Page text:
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Anonymous Letter from U. S. S. Wichita, 1945.

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U.S.S WICHITA (CA45) % Fleet Post Office, San Francisco, Calif., [blank] 1945.

Dear [blank],

Enough water has passed under the WICHITA's bridge now so I can tell you about everything that has happened to us since we left God's country last February. If you remember, it was February 28th when they opened the gates of the dry dock and refloated us. The bow was pointed due West; we steamed out and started across the Pacific, casting one last longing glance at the receding shores of California and wondering how long it would be before we would see our native shores again. All of us felt that there was something important in the air as the news of the conquest of Iwo was hot at the time and we know that once we had the Jap on the ropes we would continue to sock him steadily until we could knock him out.

We steamed to Honolulu at 21 knots and all of us thought we would have at least a few days in the Pearl of the Pacific to adjust ourselves gradually to life at sea again but we no sooner arrived than orders were issued for us to go out for gunnery exercises and practice. It seemed so foolish because we had the same gun crews that we had used all last year and the boys were sharper than ever; we couldn't figure why we had to have practice after we had spent all of 1944 shooting Jap planes and after we had bombarded several islands and even sunk a few Jap ships. But the powers had ordered gunnery exercises so we had them and incidentally made a very high score.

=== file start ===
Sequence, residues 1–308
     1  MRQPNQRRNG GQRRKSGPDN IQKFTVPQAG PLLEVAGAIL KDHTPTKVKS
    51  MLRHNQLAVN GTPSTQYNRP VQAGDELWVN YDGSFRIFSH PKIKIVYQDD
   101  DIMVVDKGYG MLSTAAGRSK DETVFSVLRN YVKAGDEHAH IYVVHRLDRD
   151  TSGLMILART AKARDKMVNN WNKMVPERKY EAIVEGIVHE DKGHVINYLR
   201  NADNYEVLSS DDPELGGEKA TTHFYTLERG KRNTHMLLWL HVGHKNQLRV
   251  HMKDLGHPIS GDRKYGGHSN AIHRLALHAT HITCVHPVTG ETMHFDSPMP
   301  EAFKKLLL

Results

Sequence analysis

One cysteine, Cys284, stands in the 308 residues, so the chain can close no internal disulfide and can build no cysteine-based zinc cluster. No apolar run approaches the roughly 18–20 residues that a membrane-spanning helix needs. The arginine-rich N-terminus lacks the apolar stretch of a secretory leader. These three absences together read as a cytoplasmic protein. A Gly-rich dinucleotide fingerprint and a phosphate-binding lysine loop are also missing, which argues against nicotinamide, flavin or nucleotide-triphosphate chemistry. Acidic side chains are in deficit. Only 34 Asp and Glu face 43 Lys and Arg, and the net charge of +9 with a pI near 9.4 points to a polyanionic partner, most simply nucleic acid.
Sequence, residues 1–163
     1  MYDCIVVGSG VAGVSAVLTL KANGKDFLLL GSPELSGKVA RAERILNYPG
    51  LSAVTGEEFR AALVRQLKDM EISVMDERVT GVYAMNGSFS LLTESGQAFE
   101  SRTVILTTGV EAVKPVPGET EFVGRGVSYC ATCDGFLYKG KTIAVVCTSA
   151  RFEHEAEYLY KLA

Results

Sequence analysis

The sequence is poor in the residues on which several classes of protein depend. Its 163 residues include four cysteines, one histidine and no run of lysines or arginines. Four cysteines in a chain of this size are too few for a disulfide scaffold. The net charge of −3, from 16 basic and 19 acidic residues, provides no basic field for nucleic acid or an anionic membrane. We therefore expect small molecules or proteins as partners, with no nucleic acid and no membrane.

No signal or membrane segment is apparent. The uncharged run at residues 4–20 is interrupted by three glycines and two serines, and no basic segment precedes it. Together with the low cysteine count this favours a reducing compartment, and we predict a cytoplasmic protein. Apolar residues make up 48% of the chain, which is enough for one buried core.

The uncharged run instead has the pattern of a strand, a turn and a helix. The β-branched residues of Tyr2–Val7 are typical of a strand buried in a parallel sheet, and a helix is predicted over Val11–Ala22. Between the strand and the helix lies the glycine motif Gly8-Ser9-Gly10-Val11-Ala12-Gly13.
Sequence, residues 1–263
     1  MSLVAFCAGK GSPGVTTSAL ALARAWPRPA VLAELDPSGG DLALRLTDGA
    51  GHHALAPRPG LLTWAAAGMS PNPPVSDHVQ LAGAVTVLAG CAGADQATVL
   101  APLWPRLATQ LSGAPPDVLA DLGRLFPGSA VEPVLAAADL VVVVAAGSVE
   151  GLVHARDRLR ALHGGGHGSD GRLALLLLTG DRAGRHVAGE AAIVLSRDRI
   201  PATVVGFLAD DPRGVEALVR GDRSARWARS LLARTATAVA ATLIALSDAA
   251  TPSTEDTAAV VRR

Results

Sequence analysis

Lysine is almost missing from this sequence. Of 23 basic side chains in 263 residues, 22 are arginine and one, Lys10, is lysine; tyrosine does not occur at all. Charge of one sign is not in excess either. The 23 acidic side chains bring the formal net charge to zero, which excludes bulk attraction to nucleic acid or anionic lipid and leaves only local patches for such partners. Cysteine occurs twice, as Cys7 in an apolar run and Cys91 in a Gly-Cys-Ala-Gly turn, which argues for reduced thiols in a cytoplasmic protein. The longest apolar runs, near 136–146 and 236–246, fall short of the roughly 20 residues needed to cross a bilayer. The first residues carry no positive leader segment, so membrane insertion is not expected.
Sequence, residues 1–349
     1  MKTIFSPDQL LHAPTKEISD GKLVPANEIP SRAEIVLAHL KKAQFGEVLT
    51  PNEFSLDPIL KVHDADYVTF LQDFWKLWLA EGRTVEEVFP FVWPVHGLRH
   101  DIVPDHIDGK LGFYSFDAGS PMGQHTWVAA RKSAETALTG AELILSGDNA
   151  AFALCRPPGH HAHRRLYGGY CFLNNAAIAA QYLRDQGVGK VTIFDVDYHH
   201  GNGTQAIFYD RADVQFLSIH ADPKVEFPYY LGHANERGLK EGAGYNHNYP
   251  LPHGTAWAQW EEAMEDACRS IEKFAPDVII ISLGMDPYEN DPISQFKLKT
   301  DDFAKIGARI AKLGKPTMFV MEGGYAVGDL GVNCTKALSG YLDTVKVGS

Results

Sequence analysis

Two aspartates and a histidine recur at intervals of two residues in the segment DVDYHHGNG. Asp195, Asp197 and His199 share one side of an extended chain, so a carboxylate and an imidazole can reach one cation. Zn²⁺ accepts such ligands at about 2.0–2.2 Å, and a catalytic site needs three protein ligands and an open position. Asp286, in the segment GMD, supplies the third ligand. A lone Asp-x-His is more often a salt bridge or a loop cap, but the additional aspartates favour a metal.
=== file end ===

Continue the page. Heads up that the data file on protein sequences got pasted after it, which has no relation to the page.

After the exercises were over we dropped the hook in Pearl Harbor but it was only for a few hours; they were screaming for us away out in the Pacific so after fueling we headed due West again. Our next stop was Eniwetok where we fueled again and then continued on our course till we reached Ulithi atoll. There we fueled once more and joined up with the other ships in our task force and headed for - - you've guessed it, OKINAWA. Last year, you remember, when we were running with the big battle wagons and the carriers we had paid a visit of Okinawa; we didn't get very close but he carrier-based planes gave the place a good working over and scouted the island in preparation for the invasion that we were now to cover.

I remember that first morning we steamed into view of the island. It was six days before the actual landing and most of us had that sort of lonesome feeling, I think, because our ships had never been that close to Okinawa before; that is, since the war started. All the way across the Pacific at 21 knots the ship was buzzing with scuttlebutt about where we were going; we thought it would be Formosa or China or Okinawa. When we joined up with our sister ships in the task force it was easy to see we were going to get another chance to use our big guns and when we steamed in close to Okinawa we saw what a big job was ahead of us.